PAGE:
Going to war wasn't a first choice for Matt Duffy, but it seemed like the most sensible. He hadn't done that great in school, so college for him didn't really make sense. On the other hand, his little sister was a good student, and joining the Army would provide the necessary funds to send her to college when the time came. Whatever his reason for joining up, Matt found himself in the middle of Iraq doing the patriotic thing for his country. Even though they warned the young soldiers during basic training, he was surprised by the heat, the noise, and the people. There were slow days with routine missions; welcome days after some of the scary attacks Matt had witnessed. Recently, they'd lost their squad leader, a fellow named Benson. Amazing that this fact is one of the few things Matt can remember as he wakes up and finds himself in a hospital, answering questions from a man in scrubs standing at the foot of his bed. When Matt begins to ask questions of his own, he learns that when he and his partner, Justin, followed an insurgent into a dead-end alley, there was an explosion and he suffered a TBI (traumatic brain injury). With the exception of a weakened right leg, everything else seems to be in working order. Doctors are prescribing rest and saying he'll be back with his unit in no time. With time to think, Matt is trying to remember just exactly what happened. As events of the attack begin to come back to him, he realizes he may have been responsible for something terrible. How can he bring back the memories - and does he really want to remember? Patricia McCormick shares the life of an American soldier in Iraq. YA novels dealing with the Iraq War are beginning to appear on bookstore shelves, and PURPLE HEART offers readers a chance to experience the war through the eyes of a young soldier trying to make sense of why he is fighting and whose lives he is effecting in this controversial war. McCormick reveals not only the point-of-view and mindset of American troops, but also a glimpse of the life of the regular Iraqi citizen trying to cope in a country at war. Teens thinking about military service, teens that have family and friends stationed in Iraq, or teens just curious about the distant place they hear about on the news will all benefit from and appreciate the service and story of Matt Duffy. Reviewed by: Sally Kruger, aka "Readingjunky"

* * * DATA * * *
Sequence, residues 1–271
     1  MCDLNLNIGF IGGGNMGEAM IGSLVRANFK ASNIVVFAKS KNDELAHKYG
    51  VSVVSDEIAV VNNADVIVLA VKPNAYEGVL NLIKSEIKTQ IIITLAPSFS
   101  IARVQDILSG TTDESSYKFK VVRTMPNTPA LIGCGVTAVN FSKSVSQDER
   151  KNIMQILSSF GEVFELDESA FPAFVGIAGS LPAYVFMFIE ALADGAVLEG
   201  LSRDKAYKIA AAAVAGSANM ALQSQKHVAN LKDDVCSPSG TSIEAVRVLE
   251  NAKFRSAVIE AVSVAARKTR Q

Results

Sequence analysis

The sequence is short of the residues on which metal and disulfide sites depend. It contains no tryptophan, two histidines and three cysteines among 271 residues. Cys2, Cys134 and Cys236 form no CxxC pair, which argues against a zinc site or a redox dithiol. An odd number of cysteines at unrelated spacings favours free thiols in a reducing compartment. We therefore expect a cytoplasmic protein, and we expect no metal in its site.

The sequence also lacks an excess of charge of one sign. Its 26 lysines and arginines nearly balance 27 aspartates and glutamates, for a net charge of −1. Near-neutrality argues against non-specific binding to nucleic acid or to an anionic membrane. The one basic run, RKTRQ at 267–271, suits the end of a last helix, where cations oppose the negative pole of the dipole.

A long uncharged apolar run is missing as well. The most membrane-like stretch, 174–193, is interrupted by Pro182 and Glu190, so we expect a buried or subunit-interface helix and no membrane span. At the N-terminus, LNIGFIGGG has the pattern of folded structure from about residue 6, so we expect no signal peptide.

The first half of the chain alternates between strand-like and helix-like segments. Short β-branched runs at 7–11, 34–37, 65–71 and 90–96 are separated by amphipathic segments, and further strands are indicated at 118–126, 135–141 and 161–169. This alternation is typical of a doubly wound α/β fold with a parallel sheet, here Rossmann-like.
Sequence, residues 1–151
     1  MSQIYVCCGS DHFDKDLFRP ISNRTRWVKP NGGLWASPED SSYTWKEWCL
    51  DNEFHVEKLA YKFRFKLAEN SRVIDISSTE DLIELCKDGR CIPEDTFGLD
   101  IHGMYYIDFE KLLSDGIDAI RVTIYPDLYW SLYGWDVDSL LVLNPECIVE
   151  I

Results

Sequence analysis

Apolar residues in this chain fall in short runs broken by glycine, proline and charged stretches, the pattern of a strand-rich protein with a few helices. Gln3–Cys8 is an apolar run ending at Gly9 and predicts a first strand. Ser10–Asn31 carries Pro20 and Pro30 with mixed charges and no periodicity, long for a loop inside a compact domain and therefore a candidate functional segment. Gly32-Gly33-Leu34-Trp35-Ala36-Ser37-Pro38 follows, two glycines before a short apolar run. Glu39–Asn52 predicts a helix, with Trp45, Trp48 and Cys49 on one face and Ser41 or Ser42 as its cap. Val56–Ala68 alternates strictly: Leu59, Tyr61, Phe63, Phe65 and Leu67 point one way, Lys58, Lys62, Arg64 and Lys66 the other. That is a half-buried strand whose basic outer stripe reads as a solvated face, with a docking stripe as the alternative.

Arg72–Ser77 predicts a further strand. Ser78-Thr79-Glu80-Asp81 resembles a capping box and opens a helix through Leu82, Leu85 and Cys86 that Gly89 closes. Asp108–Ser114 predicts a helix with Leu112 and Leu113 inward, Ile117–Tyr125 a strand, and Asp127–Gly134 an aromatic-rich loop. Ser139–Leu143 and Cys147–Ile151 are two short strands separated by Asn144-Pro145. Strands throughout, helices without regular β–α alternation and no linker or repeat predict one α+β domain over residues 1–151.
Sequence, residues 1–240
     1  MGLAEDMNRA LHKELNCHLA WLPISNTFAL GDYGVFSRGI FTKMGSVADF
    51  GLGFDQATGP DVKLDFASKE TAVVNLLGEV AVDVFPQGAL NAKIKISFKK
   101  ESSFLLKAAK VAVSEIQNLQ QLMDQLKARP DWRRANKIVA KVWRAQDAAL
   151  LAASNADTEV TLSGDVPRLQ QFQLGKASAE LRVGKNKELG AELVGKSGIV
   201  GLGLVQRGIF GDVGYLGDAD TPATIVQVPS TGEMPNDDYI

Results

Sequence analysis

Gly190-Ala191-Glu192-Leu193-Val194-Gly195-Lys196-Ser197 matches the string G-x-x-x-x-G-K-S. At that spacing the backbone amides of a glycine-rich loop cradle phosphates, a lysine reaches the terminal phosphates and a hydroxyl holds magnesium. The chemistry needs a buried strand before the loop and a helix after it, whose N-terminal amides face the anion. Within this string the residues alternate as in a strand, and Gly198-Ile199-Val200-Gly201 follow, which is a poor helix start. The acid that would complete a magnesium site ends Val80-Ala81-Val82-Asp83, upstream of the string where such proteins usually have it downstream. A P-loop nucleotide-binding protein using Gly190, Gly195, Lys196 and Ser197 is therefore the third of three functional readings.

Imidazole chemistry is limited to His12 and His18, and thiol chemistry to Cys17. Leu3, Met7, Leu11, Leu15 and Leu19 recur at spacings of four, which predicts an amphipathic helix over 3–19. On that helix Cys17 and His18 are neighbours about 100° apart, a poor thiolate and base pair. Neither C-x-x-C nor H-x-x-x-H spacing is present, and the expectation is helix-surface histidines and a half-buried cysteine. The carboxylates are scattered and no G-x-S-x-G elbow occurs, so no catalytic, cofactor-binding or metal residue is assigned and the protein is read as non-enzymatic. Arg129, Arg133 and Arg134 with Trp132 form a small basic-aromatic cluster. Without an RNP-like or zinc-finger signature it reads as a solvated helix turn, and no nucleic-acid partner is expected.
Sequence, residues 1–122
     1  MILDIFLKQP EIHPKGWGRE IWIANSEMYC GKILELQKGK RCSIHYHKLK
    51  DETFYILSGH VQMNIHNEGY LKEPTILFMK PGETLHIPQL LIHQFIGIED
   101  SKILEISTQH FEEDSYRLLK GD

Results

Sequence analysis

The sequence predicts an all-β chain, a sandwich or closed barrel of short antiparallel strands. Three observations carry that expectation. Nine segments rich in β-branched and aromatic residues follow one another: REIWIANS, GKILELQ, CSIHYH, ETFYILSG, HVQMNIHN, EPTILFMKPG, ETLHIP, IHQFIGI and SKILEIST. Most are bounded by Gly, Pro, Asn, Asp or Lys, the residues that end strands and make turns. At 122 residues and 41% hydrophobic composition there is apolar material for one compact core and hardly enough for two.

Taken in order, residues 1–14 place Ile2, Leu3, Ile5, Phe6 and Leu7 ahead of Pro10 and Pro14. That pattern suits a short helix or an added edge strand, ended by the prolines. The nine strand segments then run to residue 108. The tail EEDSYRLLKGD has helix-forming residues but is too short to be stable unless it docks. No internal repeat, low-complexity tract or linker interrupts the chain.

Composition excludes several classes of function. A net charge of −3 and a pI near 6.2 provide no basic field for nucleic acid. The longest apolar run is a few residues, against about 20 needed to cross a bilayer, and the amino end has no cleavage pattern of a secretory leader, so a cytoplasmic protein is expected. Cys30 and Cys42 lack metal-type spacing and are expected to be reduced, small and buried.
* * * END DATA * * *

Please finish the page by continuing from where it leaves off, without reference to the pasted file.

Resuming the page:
Purple Heart Mentions in Our Blog

Purple Heart in Powerful Soldier Stories for Every Age
Powerful Soldier Stories for Every Age
Published by Ashly Moore Sheldon • May 27, 2020

For many of us, Memorial Day stands as the unofficial kickoff to summer, an opportunity for BBQs and fun in the sun. But the true significance of this holiday is much greater. In honor of U.S. military personnel who have died in service, we offer a variety of soldier stories for all ages.